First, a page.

For millions of people in poor and climate vulnerable countries, from Southern Africa to the Pacific islands, rising global temperatures are already an existential threat. Perhaps unsurprisingly, these same countries have long been at the forefront of calls for urgent action to limit global warming to 1.5C above pre-industrial levels, the target enshrined within the Paris agreement, which 196 governments adopted in 2015.
Meeting the Paris target, and preventing runaway climate change, requires fundamental changes in how societies and economies are organised. Greenhouse Gas emissions (GHGs) must be cut close to zero, and this needs to happen quickly, with any remaining emissions re-absorbed from the atmosphere, mainly by oceans and forests. Net zero is the subject of intense discussion, and no small amount of pledging by countries and companies, with the UK the first major economy to put the target into law, in 2019. However, there is little agreement about how to achieve net zero. While some approaches have potential spill-over social and economic benefits, others have been widely criticized for their failure to address the root cause of the climate crisis, namely our current dependence on a carbon-intensive global economy.
A rapid reduction in greenhouse gas emissions is key to stopping the climate crisis snowballing into a climate catastrophe. Any delay, even if it is followed by more dramatic cuts in the future, will result in bigger cumulative emissions, and an increased risk of extreme weather and of ‘tipping points’ being reached. It would be reckless to rely on as yet unproven technologies such as ‘negative emissions’ to suck CO2 out of the atmosphere. These may also have unforeseen environmental consequences and risk creating incentives for continued wasteful investment in high carbon technologies and infrastructure, despite their in-built obsolescence. Similarly, and despite the extravagant claims often made for it by major polluters, offsetting can at best make only a marginal contribution to net zero, and according to evidence from Greenpeace, in practice often displaces rather than reduces GHGs. Offsetting also creates its own social and environmental problems, for example where large-scale monoculture tree-planting is at the cost of land rights and biodiversity. Genuine ‘nature-based solutions’ must prioritise ecosystem restoration and complement, rather than replace steps to reduce emissions across the economy.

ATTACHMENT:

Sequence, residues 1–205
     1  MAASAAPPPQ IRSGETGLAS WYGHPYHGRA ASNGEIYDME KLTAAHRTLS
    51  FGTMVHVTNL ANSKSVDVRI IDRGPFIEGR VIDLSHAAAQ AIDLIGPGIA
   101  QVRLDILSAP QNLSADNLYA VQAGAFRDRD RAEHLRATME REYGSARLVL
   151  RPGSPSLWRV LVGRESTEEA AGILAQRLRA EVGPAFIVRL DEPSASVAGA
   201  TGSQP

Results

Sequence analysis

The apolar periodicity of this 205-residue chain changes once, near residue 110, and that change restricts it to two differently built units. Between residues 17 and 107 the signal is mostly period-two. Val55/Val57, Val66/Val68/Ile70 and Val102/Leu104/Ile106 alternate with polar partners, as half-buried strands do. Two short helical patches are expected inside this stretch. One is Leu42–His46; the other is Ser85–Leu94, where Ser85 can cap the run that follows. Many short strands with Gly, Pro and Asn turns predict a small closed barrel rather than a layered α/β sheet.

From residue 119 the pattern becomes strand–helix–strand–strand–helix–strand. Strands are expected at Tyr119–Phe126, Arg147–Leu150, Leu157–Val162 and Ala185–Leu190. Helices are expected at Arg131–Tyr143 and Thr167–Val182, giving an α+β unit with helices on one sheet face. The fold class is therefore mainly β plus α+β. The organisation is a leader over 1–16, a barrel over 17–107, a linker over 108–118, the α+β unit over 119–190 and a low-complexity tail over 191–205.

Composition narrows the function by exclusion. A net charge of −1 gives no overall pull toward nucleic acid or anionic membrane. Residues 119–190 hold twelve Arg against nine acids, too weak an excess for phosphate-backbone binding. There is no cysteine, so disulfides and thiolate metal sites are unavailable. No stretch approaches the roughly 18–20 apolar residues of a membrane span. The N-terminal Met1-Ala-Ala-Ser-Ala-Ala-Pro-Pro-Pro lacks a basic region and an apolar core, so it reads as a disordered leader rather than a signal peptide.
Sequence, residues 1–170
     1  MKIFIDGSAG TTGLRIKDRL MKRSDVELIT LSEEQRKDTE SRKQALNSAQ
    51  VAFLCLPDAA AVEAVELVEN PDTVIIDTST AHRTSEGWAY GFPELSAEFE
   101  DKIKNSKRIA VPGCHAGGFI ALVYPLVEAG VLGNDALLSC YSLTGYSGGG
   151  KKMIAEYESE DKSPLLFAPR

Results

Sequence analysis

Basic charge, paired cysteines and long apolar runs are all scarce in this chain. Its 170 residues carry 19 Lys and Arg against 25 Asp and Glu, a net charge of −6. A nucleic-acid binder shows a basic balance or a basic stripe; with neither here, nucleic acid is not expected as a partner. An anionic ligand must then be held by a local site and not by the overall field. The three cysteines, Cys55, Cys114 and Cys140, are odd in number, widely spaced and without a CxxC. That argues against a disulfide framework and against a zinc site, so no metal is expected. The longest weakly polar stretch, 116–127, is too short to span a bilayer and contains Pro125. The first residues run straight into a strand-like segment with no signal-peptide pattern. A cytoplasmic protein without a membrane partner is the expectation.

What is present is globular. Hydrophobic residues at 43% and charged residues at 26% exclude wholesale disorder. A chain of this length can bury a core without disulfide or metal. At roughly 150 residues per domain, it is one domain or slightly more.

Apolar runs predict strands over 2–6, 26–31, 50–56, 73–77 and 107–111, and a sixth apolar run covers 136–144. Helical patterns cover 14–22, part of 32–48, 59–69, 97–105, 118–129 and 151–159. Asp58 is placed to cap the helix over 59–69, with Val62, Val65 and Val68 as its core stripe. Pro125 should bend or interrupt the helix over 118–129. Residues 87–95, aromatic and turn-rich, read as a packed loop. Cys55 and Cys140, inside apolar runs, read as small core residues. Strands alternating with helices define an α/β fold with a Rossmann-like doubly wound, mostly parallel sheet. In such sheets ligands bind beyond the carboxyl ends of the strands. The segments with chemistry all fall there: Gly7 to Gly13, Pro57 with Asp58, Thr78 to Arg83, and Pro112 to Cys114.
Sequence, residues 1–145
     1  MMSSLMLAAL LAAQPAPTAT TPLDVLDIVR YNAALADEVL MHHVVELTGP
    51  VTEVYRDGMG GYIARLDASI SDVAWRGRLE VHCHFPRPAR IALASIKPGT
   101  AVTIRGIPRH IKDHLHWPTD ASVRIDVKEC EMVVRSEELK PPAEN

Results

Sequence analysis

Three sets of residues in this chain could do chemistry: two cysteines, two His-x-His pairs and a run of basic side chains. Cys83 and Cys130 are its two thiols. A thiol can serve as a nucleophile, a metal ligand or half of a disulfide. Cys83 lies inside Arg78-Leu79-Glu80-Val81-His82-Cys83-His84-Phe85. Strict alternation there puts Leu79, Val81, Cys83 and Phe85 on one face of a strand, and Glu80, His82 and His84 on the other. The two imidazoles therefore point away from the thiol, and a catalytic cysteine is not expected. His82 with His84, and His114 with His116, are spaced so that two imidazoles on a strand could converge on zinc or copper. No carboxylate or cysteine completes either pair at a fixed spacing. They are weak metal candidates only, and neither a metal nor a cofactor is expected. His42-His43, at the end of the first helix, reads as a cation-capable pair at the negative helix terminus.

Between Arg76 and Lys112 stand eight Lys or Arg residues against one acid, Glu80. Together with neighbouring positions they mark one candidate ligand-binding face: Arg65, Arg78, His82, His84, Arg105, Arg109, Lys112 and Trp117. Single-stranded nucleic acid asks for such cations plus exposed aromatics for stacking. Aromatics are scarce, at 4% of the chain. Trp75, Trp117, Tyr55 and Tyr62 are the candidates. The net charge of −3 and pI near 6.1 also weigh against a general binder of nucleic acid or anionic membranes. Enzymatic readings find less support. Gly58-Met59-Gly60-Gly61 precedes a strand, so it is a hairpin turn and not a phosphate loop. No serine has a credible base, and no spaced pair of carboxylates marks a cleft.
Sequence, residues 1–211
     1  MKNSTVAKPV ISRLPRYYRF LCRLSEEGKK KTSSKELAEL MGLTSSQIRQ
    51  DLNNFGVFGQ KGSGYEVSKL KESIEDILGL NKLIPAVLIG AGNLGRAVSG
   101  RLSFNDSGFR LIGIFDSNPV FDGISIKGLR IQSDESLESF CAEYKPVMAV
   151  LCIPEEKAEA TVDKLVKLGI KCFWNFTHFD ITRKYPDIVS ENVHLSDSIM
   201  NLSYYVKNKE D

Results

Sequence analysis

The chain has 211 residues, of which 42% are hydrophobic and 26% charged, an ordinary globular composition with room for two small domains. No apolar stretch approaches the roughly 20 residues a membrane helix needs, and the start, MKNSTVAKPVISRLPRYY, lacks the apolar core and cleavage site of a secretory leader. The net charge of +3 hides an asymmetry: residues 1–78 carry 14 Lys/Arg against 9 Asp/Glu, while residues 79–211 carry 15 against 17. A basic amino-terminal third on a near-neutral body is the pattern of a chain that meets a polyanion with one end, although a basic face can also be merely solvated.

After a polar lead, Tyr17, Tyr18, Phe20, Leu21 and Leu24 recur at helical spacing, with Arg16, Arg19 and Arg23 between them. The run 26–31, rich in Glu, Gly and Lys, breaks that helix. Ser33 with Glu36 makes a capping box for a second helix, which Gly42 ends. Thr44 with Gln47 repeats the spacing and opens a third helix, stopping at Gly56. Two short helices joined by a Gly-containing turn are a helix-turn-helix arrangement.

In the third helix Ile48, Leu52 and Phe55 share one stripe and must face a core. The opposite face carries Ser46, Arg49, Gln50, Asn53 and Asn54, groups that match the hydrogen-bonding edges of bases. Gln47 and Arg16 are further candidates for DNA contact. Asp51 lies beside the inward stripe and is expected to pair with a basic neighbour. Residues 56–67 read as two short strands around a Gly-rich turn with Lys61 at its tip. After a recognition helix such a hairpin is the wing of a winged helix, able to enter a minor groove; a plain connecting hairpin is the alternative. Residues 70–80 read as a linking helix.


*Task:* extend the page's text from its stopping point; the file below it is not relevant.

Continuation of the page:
Protect and Sustain
Any transition to net zero carries risks, especially for people who are already poor. Some industries will need to be phased out, as others are created. An unchecked resource rush for renewable energy could create its own set of negative environmental and social effects, including forced displacement. Governments must make active use of policies to create decent work and sustain communities that currently rely on carbon-intensive jobs. They must also take steps to protect the environment and enable access to affordable, sustainable and renewable energy, especially for the 940 million people in Africa and Asia who’ve no electricity supply. The quality of the transition matters most for those people, a majority of them women, whose survival as smallholder farmers, fisherfolk and pastoralists depends directly on a healthy ecosystem.
People’s voices and their ability to influence political decisions will be critical to ensuring that any transition to net zero is just and actually reduces poverty. Large hydroelectric dams have a dismal track record when it comes to human rights and local environmental impacts, and large wind or solar farms can have similar implications for land rights. Christian Aid is promoting more decentralised approaches, which are championed by local communities and appropriate for local conditions.
In our era of resource constraints and multiple crises, governments and policymakers need to respond to climate change in a way that addresses more than one problem at a time. Achieving net zero through approaches that have wider benefits for sustainable development is both the right thing to do, and the smart option. For those people and societies who have become rich on the basis of fossil fuel economies, there is a moral imperative to provide the financial and technological support needed to make a just transition possible.
By Patrick Watt
CEO, Christian Aid